Saturday, March 23, 2013

For Where Your Treasure is, There Your Heart Will Be Also

There is an interplay between rules and settings and scenarios that's been on my mind lately.  It's not an issue with strongly themed game systems that are closely aligned to their default setting and play style, but D&D-type games are ciphers, reflective mirrors, blank pages on which to scribe a unique vision, and it's fair to ask the question - what is your particular game really about?

I'm coming at this somewhat stream of conscious and still organizing my thoughts, so perhaps another tact is in order:  Consider the D&D retroclone system, ACKS - Adventurer Conqueror King.  Part of the unique niche ACKS has carved out in the fantasy space is having top-to-bottom balanced economics, domain management, trade rules, and costs for armies and kingdoms.  A Dungeon Master that puts all that time and effort into detailing those particular characteristics for the baronies and kingdoms in their sandbox game clearly feels the information is important and relevant.  A player there should assume that as their characters move into the mid and high levels, they'll be expected to gain land, deal with economics and domain management, and build armies.  The NPCs will be coming for them with armies of their own!

The converse is the DM that spends all their time writing intricate dungeons, and barely spares a page of notes for the home base, the surrounding countryside, or the politics outside of the dungeon.  Better be prepared for week after week of dungeon crawling, in that kind of campaign.

Horror adventures are usually deep on detail and atmosphere.  They tend to have intricate back stories leading to a big reveal.  They are the opposite of the sparsely described (but vast) dungeon.  In fact - that's another kind of test to consider for your writing style - are the adventures broad horizontally, meaning the DM has created  a large adventure, sparsely detailed, or are they vertical; a narrow scope, but deeply detailed with multiple layers of secrets centered around a small area?  And how do these choices reflect the default activity you expect of the players?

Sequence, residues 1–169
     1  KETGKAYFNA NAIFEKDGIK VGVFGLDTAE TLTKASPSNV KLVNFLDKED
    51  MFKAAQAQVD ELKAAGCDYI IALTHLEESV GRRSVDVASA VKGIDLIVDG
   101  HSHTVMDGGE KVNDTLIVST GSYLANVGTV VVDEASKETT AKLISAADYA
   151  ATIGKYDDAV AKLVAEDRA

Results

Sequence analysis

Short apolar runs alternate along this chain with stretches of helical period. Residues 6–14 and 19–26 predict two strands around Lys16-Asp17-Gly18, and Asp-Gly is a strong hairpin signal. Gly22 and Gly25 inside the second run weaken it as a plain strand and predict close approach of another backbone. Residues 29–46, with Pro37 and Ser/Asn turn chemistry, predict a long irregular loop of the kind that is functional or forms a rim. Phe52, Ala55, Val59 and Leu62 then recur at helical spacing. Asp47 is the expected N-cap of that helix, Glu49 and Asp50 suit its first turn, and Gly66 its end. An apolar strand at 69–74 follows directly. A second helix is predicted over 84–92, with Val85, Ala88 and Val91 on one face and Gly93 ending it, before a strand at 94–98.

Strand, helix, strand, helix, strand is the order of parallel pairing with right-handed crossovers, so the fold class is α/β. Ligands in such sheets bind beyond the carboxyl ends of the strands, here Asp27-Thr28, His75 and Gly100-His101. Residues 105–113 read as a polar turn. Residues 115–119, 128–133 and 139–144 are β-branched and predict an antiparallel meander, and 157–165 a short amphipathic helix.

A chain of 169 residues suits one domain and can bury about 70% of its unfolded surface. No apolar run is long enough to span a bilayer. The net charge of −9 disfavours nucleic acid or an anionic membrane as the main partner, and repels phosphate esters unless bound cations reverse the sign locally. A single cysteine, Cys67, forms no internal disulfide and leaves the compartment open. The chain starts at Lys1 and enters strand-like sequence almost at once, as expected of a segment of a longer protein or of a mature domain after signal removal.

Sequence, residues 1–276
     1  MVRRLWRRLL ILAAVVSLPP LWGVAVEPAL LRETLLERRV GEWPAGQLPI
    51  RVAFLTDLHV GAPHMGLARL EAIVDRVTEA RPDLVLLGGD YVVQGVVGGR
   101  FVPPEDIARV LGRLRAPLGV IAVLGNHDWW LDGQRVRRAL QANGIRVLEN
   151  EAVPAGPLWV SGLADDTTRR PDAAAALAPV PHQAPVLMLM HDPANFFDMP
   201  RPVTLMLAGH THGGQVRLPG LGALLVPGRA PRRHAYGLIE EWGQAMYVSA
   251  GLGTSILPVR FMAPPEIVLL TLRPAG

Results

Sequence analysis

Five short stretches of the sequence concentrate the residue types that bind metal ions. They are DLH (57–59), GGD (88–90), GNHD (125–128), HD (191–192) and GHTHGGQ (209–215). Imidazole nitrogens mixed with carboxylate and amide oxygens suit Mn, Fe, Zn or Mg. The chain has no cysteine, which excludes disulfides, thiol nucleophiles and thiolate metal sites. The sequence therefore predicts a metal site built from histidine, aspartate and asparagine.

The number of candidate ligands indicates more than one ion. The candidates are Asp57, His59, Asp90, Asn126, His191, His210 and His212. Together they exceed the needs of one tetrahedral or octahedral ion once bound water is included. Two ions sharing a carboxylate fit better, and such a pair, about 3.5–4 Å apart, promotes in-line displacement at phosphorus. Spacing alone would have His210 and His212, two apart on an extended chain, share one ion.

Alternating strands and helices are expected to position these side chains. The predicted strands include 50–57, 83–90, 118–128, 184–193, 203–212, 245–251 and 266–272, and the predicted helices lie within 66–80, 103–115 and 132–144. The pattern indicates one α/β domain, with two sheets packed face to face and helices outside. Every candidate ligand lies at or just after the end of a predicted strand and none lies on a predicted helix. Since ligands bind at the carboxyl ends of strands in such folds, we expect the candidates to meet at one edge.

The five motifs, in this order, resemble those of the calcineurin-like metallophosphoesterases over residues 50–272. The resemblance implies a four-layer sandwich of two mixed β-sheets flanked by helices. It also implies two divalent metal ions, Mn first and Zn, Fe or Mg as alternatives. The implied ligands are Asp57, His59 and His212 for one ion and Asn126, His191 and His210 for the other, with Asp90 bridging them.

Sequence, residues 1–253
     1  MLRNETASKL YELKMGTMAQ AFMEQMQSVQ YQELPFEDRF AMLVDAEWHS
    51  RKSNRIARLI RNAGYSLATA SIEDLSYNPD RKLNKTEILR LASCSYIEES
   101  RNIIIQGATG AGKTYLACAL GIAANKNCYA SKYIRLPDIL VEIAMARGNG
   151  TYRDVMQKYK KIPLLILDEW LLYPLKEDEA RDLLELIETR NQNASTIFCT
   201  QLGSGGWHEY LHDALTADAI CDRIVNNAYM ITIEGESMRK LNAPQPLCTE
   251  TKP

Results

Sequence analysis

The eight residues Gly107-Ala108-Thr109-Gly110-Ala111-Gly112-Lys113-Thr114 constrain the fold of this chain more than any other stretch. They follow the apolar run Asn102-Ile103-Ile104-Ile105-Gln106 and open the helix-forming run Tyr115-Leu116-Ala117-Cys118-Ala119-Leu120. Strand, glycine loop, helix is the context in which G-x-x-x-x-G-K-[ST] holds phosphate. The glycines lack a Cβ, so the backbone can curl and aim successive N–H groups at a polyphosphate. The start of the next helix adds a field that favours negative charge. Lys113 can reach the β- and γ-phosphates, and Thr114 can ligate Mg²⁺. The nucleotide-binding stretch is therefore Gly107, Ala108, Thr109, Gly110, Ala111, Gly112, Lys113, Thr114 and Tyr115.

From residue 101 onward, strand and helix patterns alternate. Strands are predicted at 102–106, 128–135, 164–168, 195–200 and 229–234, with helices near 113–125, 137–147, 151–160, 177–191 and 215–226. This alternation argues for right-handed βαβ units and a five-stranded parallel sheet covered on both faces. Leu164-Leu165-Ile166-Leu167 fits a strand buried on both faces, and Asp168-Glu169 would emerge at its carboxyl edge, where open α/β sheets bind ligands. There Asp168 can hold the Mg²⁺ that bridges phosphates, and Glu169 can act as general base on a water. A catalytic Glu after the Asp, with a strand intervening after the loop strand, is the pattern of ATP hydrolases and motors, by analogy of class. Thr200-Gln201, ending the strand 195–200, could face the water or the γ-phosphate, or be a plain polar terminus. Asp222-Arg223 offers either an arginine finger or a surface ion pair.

It seems to me there's some kind of rule around writing that should help inform the discussion, but I'm not remembering it.  Not quite Chekhov's gun, but something along the lines of it - such as, why would you do a conventional  story in an oddball setting, unless the sci fi or fantasy elements were critical to the telling?

I'm sure someone out there reading this is a writer, and they'll be able to express this as a well-known principle.

Common wisdom amongst DM's and game masters is to only prepare what you need.  That's good, useful advice.  However, let's take it a step further, and only prepare what your game is about.  Perhaps that's already implied, but the idea is to force an additional layer of self-reflection and answer the question, what is your game about, anyway?  Is it dungeon crawling?  Then ask yourself what is the bare minimum in terms of a setting you can get away with to make the best framework for dungeon crawling, and spend the rest of your time on making fantastic dungeons.

I tend to think this is why I dislike the Sword & Planet genre; I'd rather focus my time on things like interesting adventures, and skip all the parts about creating (and then narrating) alien cultures and why they do things differently there.

How does this apply to a horror themed fantasy game?  It pushes you towards a real world setting more often than not.  Using a pseudo-historical setting means that no energy is diverted towards setting, when the dictates of the genre already require a huge outlay of effort creating the detailed mysteries.  The real world offers everything you need for backstory and all your creative work can go into the horror side of things.

Of course, the bit that cooks my brain here on a lazy Saturday afternoon is this:  the answer to the question, "what is your game about", has a tendency to change over the course of a campaign, doesn't it?